Spring.NET’s AOP framework uses proxies and interfaces to transparently wrap objects in aspects. An AOP proxy is an object that intercepts calls to, and results from, our actual business entity objects. The proxy has the exact same public members as our business entity object. When we request an object that we want to wrap in aspects, we actually request its proxy. In our configuration we will tell the proxy which object provides the actual implementation:


<objects xmlns="http://www.springframework.net">

    <object id="crmService" type="Spring.Aop.Framework.ProxyFactoryObject, Spring.Aop">
<property name="proxyInterfaces" value="Shinobido.GhostBlade.Customers.ICRMService" />
<property name="target">

<object type="Shinobido.GhostBlade.Customers.CRMService, Shinobido.GhostBlade">
<property name="Url" value="http://localhost:2491/CRMService.asmx" />
<property name="UseDefaultCredentials" value="true" />

</object>
         </property>
<property name="interceptorNames">
	<list>
                 <value>impersonationAspect</value>

</list>
        </property>

</object>

     <!-- Interception AOP Begin -->

<object id="impersonationAspect" type="Spring.Aop.Support.DefaultPointcutAdvisor, Spring.Aop">
<property name="Pointcut">

<object id="regexPointcut" type="Spring.Aop.Support.SdkRegularExpressionMethodPointcut, Spring.Aop">
<property name="patterns">
	<list>

<value>.*</value>

</list>
                  </property>
               </object>
       </property>
<property name="Advice" ref="impersonationAdvice" />

</object>

     <object id="impersonationAdvice" type="Shinobido.GhostBlade.Security.ImpersonationAdvice, Shinobido.GhostBlade" />

     <object id="Shinobido.GhostBlade.Security.IIdentityProvider"
                    type="Shinobido.GhostBlade.Security.HttpContextIdentityProvider, Shinobido.GhostBlade" />

</objects>

public interface ICRMService
{
    CustomerInformation GetCustomerById( int id ) ;
}

public class CRMService: System.Web.Services.Protocols.SoapHttpClientProtocol, ICRMService
{
    public CustomerInformation GetCustomerById( int id )
    {
            object[] results = this.Invoke( "GetCustomerById", new object[] { id } );
            return ( CustomerInformation )results[0];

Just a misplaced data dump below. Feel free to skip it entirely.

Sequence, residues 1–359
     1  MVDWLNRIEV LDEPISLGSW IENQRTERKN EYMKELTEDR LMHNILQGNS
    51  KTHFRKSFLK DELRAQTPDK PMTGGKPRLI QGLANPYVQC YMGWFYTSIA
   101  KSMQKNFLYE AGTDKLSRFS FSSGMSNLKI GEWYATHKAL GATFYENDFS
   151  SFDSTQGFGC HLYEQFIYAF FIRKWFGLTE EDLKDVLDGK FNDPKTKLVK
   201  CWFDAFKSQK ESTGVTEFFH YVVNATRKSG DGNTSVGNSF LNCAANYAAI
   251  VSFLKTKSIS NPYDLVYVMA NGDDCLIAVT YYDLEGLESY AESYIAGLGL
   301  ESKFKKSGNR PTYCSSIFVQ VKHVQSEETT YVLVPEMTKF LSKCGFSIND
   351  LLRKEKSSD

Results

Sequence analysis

}
}

Figure 2

From the above example we can infer a number of things:

  1. ProxyFactoryObject is going to intercept calls to our target object, CRMService. In Spring.NET there are several proxying strategies to choose from like inheritance or composition (interface) based, autoproxies, and so forth. Here we’re using a GUID-based composition ProxyFactoryObject. When you instantiate this proxy through Spring.NET’s object factory, you’ll notice that the object’s type is actually a runtime generated object of a type like “CompositionAopProxy_4f054a8f2cd349479fe1673d4427aca3″ that implements ICRMService.
  2. ProxyInterfaces expose the members that will be visible to client code and intercepted by the proxy through interface ICRMService. In other words aspects will only be applied to members specified by this interface. Any members specified by this interface will automatically receive advice based on their pointcuts.
  3. Target specifies the business entity object that we’re going to wrap.
  4. InterceptorNames specify that the aspect impersonationAspect must be applied to method requests and outputs.
  5. impersonationAspect‘s Pointcut uses a regualr expression that selects all members of the given class to receive impersonationAdvice.

In point 1 I mentioned composition vs inheritance based AOP proxies. We are using a composition based proxy, because the proxy never inherits from our target object, CRMService. A composition based proxy has a private field called m_targetSourceWrapper of type Spring.Aop.Framework.StaticTargetSourceWrapper that stores the actual business entity class we’re redirecting to. An inheritance based proxy inherits from the target object.